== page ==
Why Not Just Send Them to AA?

Blog Post

It’s not a unique story.  A family presents themselves to a pastor with a combination of fear, sadness, and anger. What did he do wrong? Nothing. They want to talk about a family member who won’t stop drinking. They have begged, pleaded, threatened, and offered incentives, and at times he seems to get it together a couple of days or even weeks before relapsing for no once again. They are desperate and their eyes are begging their religious leader for answers.

Addiction treatment is difficult. Even when all the right books have been read, classes attended, and podcasts reviewed, there isn’t always the best answer. For too many churches, offering an addiction recovery ministry is beyond their scope, and outsourcing the person to a local AA group seems expedient. They have a reputation in the culture of attempting to tackle alcoholism for almost a hundred years. 12-step groups addressing many different types of addiction to a wide variety of drugs of choice (DOC) are just a few clicks away and available 24/7 in most big cities. Millions of people through the decades claim success and credit these wonderful people for helping them find it.

With such a well-worn path, why not use it and move on to another of the zillion challenges that confront a pastor every week?  The Dunamis Initiative does not wish to denigrate anyone in the 12-step community, and frankly, if all addiction treatment opportunities quadrupled tomorrow, there would still be a monumental need. The origins of AA were Christian teachings written by Christians for Christians, but some people approach sobriety with trauma that was inflicted upon them by broken people claiming to be Christian, or by overt church hurt, so they softened the language to “higher power” and God as you understand him.”  Over the years these groups have become at best secular, and, at times, semi-hostile towards Christianity and especially religious communities.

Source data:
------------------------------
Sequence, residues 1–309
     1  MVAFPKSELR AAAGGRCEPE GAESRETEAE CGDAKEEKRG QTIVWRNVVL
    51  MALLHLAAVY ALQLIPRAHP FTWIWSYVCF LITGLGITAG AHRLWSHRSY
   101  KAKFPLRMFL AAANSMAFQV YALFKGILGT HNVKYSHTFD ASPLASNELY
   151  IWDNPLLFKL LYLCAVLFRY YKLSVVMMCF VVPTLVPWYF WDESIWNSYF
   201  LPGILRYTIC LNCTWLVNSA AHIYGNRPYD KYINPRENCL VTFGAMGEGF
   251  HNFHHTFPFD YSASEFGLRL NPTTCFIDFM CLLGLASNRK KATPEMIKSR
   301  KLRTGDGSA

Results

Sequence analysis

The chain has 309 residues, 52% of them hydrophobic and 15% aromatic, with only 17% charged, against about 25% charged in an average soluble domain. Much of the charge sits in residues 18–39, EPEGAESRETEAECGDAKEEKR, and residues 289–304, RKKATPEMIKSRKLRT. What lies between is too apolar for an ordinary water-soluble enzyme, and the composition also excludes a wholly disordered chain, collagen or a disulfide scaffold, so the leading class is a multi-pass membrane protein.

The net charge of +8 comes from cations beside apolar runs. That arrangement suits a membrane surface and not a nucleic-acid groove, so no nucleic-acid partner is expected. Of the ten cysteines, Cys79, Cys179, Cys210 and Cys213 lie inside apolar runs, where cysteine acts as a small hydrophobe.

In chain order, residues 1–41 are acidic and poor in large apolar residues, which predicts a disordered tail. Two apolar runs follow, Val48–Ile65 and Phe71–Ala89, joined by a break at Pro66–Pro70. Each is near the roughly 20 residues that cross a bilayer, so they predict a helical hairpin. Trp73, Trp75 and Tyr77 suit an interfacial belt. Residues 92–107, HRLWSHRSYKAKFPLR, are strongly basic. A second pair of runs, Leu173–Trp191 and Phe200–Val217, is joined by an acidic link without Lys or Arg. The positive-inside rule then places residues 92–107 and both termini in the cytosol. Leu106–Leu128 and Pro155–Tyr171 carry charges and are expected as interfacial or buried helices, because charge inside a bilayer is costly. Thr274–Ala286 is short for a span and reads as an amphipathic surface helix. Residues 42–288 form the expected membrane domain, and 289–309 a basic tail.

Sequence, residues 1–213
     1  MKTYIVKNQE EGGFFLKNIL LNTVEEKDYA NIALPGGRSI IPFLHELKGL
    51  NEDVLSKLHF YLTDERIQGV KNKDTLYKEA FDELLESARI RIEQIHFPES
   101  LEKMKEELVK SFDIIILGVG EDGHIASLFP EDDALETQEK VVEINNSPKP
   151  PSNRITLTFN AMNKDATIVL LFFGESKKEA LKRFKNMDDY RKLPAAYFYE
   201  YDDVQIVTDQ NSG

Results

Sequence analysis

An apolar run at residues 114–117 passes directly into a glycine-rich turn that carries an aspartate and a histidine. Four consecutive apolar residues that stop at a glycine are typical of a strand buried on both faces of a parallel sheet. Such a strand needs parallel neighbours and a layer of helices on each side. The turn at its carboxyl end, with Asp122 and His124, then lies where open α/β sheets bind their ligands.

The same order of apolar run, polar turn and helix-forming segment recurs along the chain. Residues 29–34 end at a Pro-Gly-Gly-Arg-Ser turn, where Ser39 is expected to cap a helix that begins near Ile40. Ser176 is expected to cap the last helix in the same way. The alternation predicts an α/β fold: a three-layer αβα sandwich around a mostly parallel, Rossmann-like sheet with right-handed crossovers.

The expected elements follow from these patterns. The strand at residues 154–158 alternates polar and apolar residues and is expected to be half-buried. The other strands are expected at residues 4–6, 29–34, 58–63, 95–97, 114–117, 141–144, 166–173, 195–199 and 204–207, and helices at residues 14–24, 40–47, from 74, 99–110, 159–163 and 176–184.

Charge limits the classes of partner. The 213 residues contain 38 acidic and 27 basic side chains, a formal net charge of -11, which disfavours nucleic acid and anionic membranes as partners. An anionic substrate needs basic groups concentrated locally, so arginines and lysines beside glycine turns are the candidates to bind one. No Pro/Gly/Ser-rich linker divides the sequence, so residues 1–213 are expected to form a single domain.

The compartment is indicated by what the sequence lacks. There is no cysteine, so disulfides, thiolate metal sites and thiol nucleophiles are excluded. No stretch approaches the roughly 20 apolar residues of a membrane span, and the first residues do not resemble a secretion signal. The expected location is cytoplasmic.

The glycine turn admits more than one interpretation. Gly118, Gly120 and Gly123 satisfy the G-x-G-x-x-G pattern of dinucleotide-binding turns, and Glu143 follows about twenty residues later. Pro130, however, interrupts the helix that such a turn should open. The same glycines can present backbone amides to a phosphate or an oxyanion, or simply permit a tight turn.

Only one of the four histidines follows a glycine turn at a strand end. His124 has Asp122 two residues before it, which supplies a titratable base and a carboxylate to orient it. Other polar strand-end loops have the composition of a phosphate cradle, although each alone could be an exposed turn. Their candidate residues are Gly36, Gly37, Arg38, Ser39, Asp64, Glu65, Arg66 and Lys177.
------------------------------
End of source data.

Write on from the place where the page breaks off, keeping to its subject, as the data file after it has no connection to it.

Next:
In an ideal world, the person would immerse into a community of folks who know how to navigate the pitfalls common to addiction recovery, and then slowly return them to a more integrated Christian life. They should forever stay away from their DOC and have a heightened awareness of other potential cross-over addictions(we’ll discuss these in a future blog). Nevertheless, most 12-step groups push permanent lifetime attendance and shame those who attend infrequently. The AA“big book” however doesn’t talk about this at all, and in fact, it states, “We have a daily reprieve contingent upon maintenance of our spiritual condition.”In other words, we need to reestablish a healthy relationship with our Creator, working on developing good habits with regard to daily prayer, time in the Word, physical self-care, and finally reconnecting on a deep level. Learning vulnerability and accountability with other believers is key. This isn’t a quick process but there’s no reason most people have to spend decades in the same support group learning to do it either. Often after a year or two, many people are well prepared to rejoin mainstream Christian life freed of their addiction, but not from its threat.

One warning to this frustrated pastor though: Sending a person to a secular program for recovery can allow just enough relief of the pain to lessen the need for a deep connection with our Heavenly Father. This very pain God could have used to draw someone back into His arms has been lessened, and the supporting community reinforces complacency in religious life and the need for a solid Christian church family. An opportunity to connect the lost soul to the body of Christ might be lost for good, and that is a tragedy. The unstated answer to this desperate family is that Jesus isn’t necessarily the answer to healing.

Adopting a robust Christian recovery program like The Dunamis Initiative can help ensure that recovery is achieved while offering an opportunity to dive head deep into the Living Waters of our savior Christ Jesus. Anything short of that is simple abstinence, not true physical, emotional, and spiritual sobriety, and not living God’s best in this short time on Earth.

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